In addition, the Board’s regulation provides three exemptions that can reduce the annual fee by as much as $65.00 per dwelling. The exemptions are available to property owners (a) who already pay a local fire protection fee that supports a local fire prevention program, (b) who comply with certified fire-safe landscaping and building practices, and (c) where the parcel is in a county jurisdiction having a General Plan Safety Element and regulations that support fire safety. Habitable structures below a minimum value of $5,000 are exempt from the fee entirely.

Approximately 850,000 property owners, in 56 of the State’s 58 counties, will be affected by the new fee. The Department of Forestry and Fire Protection (“CalFire”) will determine which buildings on parcels in the SRA are subject to the annual fee and then notify the Board of Equalization, which will calculate and levy the fee. A property owner who believes the Benefit Fee is assessed in error may request a review by mailing the request simply to the Board’s Sacramento office, according to the new regulation.

The Board’s emergency regulation is temporary (valid up to 180 days) and is subject to change. To view the text of the regulation, visit the Board’s website here.

NOTE TO READER #1: The information below is based on the text of Assembly Bill X1 29 as signed by Governor Brown on July 7, 2011. It has been superseded in part by an emergency regulation adopted on August 22, 2011, by the State Board of Forestry and Fire Protection. Refer to the article above for updated information.

New State Levy for Wildland Area Property Owners

The State of California will collect an annual “fire prevention fee” from property owners in wildland areas where the state has responsibility for providing fire protection. A fee of one hundred fifty dollars ($150) will be charged on each structure intended for human habitation in this State Responsibility Area (“SRA”), commencing with the 2011-2012 fiscal year.

The fee is established in Assembly Bill 29 by Bob Blumenfield (D-Van Nuys), which was signed by Governor Jerry Brown on July 7, 2011 (as ABX1 29).

The $150 fire prevention fee is not a “per parcel” charge, but is to be levied on each habitable structure on the parcel. For example, a parcel containing one habitable structure would be charged $150, while a parcel with three habitable structures would be charged three times that amount, or $450 each year.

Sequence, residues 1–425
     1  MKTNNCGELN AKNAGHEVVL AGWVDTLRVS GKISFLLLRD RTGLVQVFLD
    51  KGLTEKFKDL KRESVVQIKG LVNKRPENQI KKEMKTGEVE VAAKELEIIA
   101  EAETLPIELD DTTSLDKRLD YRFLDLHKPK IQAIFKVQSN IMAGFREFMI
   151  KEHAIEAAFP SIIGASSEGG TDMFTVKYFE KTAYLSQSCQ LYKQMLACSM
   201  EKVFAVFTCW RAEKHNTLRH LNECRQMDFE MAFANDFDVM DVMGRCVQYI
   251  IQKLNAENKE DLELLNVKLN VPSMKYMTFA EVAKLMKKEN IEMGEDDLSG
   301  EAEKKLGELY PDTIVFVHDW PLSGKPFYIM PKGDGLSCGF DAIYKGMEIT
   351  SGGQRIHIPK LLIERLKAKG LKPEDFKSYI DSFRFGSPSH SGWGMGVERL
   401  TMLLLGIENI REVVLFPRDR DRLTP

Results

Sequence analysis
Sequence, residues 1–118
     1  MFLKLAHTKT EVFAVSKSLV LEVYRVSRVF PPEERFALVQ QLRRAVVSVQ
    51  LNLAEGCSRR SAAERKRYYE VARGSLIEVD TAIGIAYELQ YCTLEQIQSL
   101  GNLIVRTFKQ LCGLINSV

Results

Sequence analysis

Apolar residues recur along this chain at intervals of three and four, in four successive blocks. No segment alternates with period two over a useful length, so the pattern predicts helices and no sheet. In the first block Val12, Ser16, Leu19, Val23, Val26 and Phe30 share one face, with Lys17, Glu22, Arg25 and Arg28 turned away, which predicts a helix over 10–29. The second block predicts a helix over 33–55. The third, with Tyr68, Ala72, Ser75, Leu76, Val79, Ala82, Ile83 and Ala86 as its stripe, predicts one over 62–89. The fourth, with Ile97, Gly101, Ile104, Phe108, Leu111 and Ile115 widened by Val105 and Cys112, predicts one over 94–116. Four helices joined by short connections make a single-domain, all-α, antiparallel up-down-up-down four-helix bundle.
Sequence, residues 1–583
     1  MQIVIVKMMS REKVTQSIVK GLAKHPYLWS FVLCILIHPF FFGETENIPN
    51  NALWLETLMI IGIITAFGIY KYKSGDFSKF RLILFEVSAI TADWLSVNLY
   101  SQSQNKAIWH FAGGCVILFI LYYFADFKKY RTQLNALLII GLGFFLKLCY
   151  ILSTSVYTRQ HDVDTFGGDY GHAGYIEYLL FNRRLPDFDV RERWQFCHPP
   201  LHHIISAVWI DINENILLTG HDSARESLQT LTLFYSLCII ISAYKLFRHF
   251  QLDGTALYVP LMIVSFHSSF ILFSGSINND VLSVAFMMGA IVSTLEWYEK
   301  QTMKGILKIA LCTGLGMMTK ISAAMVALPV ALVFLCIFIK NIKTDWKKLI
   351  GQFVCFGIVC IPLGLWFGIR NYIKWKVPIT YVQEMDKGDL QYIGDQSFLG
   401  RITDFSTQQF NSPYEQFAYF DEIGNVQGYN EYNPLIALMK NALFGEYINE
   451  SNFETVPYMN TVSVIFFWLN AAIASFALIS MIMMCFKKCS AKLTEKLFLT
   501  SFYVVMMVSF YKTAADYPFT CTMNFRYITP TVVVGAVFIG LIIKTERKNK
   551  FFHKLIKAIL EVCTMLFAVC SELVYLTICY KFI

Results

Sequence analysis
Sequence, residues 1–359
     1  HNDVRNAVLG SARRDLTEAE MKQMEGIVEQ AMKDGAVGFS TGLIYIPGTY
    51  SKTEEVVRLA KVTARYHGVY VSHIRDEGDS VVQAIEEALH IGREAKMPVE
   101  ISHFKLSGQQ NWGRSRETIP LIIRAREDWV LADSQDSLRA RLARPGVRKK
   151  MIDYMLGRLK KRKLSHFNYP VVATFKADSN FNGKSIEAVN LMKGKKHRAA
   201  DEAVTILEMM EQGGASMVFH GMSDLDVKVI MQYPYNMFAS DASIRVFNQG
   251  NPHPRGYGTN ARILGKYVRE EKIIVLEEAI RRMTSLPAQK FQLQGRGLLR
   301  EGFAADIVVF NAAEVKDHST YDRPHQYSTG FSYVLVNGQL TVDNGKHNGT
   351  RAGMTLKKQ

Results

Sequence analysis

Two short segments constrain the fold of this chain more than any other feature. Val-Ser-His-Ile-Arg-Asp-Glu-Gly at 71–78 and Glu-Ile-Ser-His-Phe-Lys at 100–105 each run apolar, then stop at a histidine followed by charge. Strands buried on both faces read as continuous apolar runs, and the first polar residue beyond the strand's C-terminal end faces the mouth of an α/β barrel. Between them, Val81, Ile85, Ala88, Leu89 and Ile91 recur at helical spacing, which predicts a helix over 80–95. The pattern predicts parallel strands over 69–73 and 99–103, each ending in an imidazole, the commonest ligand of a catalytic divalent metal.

Approximately 850,000 property owners will be affected by the new fee, which affects 56 of the State’s 58 counties. The Board of Equalization will collect the fee from property owners identified in the SRA by the Department of Forestry and Fire Protection (“CalFire”).

Not a “firefighting fee”

The bill is very clear about the fee’s intended purpose. The moneys collected will create an “SRA Fire Prevention Fund”, which will be used for specified “fire prevention” activities that will benefit the owners within the SRA who are required to pay the fee. The bill does not earmark any portion of the fee for firefighting services.

Examples of specified fire prevention activities include grants to municipalities to fund public education programs in the SRA, grants to qualified conservation groups and nonprofit organizations for fire prevention projects in the SRA such as brush clearance, and CalFire services in the SRA such as defensible space compliance inspections and fire severity and fire hazard mapping.

The law is being challenged by opponents who see it as diverting CalFire’s funding to fire prevention and away from the department’s critical firefighting budget. Republican lawmakers and local fire officials are contesting the law, some calling the fee a double tax on SRA property owners already taxed for fire protection services, and are seeking its repeal. The Governor, in his signing letter, has already called for the language to be revised to ensure that revenues projected from the fee are realized.

JCP-LGS already discloses when a property is within the SRA. With this new levy, our report now also includes a special “State Responsibility Area Fire Prevention Fee Disclosure”.

The new disclosure is in the Tax Report section of JCP-LGS's combined report packages. It explicitly notifies the buyer whether the property is subject to the annual $150 fire prevention fee per habitable structure as determined by the State, and clearly explains the fire prevention fee.